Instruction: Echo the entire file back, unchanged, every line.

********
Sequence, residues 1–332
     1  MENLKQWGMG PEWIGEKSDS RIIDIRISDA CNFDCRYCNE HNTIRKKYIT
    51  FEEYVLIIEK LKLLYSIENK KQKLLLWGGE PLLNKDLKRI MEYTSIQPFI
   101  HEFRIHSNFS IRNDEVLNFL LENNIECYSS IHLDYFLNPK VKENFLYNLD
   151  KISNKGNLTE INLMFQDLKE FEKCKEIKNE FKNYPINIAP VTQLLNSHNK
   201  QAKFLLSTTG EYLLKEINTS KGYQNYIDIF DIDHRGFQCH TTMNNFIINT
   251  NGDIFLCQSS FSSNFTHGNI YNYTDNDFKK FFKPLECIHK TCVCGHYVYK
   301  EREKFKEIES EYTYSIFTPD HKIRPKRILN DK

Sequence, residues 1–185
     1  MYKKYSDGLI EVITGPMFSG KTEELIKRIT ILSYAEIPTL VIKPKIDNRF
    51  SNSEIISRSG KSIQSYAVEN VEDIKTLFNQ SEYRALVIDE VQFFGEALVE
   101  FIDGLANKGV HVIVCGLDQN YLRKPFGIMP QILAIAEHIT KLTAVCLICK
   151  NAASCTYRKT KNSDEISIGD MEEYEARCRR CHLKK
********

Sequence, residues 1–332
     1  MENLKQWGMG PEWIGEKSDS RIIDIRISDA CNFDCRYCNE HNTIRKKYIT
    51  FEEYVLIIEK LKLLYSIENK KQKLLLWGGE PLLNKDLKRI MEYTSIQPFI
   101  HEFRIHSNFS IRNDEVLNFL LENNIECYSS IHLDYFLNPK VKENFLYNLD
   151  KISNKGNLTE INLMFQDLKE FEKCKEIKNE FKNYPINIAP VTQLLNSHNK
   201  QAKFLLSTTG EYLLKEINTS KGYQNYIDIF DIDHRGFQCH TTMNNFIINT
   251  NGDIFLCQSS FSSNFTHGNI YNYTDNDFKK FFKPLECIHK TCVCGHYVYK
   301  EREKFKEIES EYTYSIFTPD HKIRPKRILN DK

Sequence, residues 1–185
     1  MYKKYSDGLI EVITGPMFSG KTEELIKRIT ILSYAEIPTL VIKPKIDNRF
    51  SNSEIISRSG KSIQSYAVEN VEDIKTLFNQ SEYRALVIDE VQFFGEALVE
   101  FIDGLANKGV HVIVCGLDQN YLRKPFGIMP QILAIAEHIT KLTAVCLICK
   151  NAASCTYRKT KNSDEISIGD MEEYEARCRR CHLKK